Click for company websiteFounded in 2009, Chicago startup InContext Solutions has raised $42.5 million so far from investors that include AMD (NASDAQ:AMD) and Intel (NASDAQ:INTC) to develop virtual reality retail analytics and simulations. Their platform allows companies to create and modify in-store concepts and observe how consumers react to them in realistic VR simulations.

Additionally, InContext builds virtual environments where VR-connected shoppers are observed in a natural shopping setting for a fraction of the investment that an in-store rollout would require. InContext is one of a few companies in the VR simulation space and they’re poised to become a leader with a client list that includes the likes of Kelloggs, Coca-Cola, Samsung, Nestle, and many others.

Food Management

Click for company websiteSpoiler Alert provides a system that helps food businesses and farms better manage their unsold food inventory and connect with sellers in their local area. Founded in 2015, Boston startup Spoiler Alert has raised $2.6 million so far to develop a platform that is designed to help businesses connect, track, and collaborate with one another to reduce food waste (maybe the best example of a first world problem, ever). Surplus food that appears to be on its way towards expiring can be sold in advance through the Spoiler Alert platform to discount buyers, food banks, and other secondary markets. Their built-in buyer marketplace makes it easy to find local parties that may be interested in buying food that would otherwise end up as waste. Currently, the Spoiler Alert marketplace is only available in New England, but the company has publicly discussed plans to expand to other markets.

Brand Interaction

You know what we like to do when we go grocery shopping? Spend lots of time in the store playing games instead of shopping. That must be why Singapore startup Ksubaka has taken in $15.3 million in funding so far to “create moments of joy for shoppers” which really means they get shoppers to play games that interact with your brand.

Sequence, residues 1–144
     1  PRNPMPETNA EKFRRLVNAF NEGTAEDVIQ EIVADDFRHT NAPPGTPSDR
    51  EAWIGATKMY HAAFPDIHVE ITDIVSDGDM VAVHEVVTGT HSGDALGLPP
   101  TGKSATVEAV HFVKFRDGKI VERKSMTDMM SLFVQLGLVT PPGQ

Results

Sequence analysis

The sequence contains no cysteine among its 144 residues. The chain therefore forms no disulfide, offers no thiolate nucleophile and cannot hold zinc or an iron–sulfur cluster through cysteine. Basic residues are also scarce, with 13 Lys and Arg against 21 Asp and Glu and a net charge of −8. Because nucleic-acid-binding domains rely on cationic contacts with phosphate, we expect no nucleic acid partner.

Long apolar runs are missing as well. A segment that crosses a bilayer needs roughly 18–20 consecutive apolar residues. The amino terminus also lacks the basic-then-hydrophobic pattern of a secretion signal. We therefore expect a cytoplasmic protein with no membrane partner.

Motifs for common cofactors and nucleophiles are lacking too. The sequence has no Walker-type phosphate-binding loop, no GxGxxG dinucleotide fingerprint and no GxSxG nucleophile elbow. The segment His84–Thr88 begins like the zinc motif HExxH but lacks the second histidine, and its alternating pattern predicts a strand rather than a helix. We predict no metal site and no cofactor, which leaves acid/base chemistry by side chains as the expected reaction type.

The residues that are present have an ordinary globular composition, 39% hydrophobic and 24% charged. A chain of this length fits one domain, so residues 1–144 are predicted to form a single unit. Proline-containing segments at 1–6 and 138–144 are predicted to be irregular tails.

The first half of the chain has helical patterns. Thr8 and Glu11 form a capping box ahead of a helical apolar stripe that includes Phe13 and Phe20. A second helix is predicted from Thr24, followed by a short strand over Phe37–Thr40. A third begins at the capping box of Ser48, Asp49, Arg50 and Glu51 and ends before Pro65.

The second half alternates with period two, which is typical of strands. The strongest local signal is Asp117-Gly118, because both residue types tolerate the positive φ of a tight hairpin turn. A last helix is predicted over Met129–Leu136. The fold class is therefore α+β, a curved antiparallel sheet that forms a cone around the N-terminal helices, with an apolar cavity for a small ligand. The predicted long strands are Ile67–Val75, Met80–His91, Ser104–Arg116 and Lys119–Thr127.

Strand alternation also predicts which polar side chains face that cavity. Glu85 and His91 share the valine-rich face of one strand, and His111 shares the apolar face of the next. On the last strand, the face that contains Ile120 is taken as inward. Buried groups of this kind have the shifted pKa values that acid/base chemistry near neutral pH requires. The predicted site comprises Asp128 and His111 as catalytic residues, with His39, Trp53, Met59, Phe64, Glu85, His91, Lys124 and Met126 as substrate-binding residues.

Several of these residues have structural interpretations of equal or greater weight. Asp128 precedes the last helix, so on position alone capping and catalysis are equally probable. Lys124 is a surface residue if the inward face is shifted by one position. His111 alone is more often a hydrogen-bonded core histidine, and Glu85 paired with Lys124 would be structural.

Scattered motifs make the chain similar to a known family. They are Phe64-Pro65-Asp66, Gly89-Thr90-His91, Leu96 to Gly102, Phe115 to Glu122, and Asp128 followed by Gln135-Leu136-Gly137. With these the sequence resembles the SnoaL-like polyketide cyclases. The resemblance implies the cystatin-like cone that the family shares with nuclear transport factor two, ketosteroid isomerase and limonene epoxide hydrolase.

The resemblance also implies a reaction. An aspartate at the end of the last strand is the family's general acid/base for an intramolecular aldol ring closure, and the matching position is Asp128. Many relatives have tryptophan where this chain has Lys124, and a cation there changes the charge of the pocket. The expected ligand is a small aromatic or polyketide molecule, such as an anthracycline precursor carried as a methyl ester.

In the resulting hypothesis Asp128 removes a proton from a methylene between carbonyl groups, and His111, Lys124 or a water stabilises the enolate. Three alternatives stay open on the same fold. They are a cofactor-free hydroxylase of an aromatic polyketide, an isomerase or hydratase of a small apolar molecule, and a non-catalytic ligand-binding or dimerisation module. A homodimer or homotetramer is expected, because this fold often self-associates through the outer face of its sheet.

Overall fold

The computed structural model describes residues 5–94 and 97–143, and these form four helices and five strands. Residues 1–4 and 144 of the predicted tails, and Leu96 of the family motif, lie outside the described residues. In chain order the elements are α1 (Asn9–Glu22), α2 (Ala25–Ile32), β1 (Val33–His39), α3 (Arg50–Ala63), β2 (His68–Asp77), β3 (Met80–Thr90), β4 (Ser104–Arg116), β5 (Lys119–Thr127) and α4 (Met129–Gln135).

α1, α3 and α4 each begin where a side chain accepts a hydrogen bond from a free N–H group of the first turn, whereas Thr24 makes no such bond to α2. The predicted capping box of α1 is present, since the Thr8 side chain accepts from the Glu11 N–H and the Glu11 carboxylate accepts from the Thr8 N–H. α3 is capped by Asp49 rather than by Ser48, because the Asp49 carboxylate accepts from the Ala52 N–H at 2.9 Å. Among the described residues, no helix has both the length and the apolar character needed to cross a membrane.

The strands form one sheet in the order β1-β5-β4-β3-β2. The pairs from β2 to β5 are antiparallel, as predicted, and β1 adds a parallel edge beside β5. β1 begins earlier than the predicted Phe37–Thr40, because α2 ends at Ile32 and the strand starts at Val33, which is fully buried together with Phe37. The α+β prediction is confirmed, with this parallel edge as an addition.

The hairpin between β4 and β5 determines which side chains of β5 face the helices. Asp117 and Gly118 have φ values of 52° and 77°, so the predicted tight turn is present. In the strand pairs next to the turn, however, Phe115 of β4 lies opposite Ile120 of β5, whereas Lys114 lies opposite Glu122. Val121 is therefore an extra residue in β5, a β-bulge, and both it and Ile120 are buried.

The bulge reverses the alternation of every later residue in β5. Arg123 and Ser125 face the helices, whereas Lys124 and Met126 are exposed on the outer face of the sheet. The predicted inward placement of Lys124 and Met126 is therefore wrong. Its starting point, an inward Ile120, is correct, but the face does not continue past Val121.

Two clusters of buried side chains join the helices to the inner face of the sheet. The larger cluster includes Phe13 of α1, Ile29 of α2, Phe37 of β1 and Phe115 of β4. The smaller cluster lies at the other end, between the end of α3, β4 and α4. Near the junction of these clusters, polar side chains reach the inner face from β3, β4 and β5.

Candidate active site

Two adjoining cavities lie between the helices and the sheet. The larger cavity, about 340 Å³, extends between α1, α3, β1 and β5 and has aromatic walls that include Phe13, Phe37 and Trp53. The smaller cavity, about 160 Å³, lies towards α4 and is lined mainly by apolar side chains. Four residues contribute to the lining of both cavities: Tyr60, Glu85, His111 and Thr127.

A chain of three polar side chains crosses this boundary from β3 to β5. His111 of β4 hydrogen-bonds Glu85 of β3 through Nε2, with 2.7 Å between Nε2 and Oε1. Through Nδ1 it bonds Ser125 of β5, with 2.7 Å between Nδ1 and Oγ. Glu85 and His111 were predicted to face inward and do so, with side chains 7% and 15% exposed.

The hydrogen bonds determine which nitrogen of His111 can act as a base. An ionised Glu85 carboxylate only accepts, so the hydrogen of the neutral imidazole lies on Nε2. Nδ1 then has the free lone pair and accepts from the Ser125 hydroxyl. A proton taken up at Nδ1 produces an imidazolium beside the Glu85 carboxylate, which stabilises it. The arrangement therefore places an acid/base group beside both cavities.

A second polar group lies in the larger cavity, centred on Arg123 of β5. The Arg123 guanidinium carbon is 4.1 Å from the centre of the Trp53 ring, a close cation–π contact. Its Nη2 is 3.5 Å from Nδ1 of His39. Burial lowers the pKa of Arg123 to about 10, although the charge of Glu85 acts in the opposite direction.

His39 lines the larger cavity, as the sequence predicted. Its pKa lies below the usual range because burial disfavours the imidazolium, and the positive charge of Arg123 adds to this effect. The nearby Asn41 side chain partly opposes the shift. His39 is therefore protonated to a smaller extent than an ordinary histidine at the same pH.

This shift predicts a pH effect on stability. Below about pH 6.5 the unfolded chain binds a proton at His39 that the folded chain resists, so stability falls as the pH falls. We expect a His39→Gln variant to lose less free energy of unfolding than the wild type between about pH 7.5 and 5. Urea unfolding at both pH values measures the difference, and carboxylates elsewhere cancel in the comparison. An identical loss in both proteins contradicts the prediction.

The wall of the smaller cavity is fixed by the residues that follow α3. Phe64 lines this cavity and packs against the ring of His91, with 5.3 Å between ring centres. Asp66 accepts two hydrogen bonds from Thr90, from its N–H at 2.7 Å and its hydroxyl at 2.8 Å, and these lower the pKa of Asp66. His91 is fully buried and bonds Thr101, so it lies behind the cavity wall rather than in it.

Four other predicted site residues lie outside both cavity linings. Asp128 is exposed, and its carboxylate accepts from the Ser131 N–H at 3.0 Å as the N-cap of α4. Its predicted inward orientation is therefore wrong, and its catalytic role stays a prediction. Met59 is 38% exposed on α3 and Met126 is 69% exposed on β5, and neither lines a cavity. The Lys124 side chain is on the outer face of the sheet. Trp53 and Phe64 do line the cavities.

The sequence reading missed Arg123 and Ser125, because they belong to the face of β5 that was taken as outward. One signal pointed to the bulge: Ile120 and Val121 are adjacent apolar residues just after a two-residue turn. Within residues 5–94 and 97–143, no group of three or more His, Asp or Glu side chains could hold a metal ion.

If you happen to live in China, then you’ll know exactly why the Chinese would find this to be very appealing and consequently this “gamification” concept is being rolled out all across the country. Their Chinese name, (促巴卡), actually conveys the sense of fun and delight that Chinese people get everyone gets around promotions. The idea is simply to create little kiosks where people can play games and “interact with your brand”:

While it seems like the value add here may be questionable, their latest campaign with P&G increased sales 2.4x in top stores with no discount or promotion. Plenty of other big brands have signed on like Coca-Cola, Dove, Head and Shoulders, Heineken, Kellogg’s, and Nescafe to name a few.


While researching this article, the one thing we’ve been wondering about the most is this. Just when will we be able to go into a store, put all the items in our cart, have a robot bag them, and just walk out? As it turns out, Amazon (NASDAQ:AMZN) is working on this with a prototype grocery store called “Amazon Go”. You walk in and scan your smartphone, then you take what you want off the shelves, bring it to the robot grocery-bagging machines, and then walk out. As soon as you exit the store, your Amazon account is charged. As you would expect, they use machine learning, computer vision, and all that jazz which they refer to as “just walk out technology“. There is just one 800 square foot location at the moment at 2131 7th Ave. in Seattle. If you want to take a peek at the grocery supermarket of the future, that’s one place to look.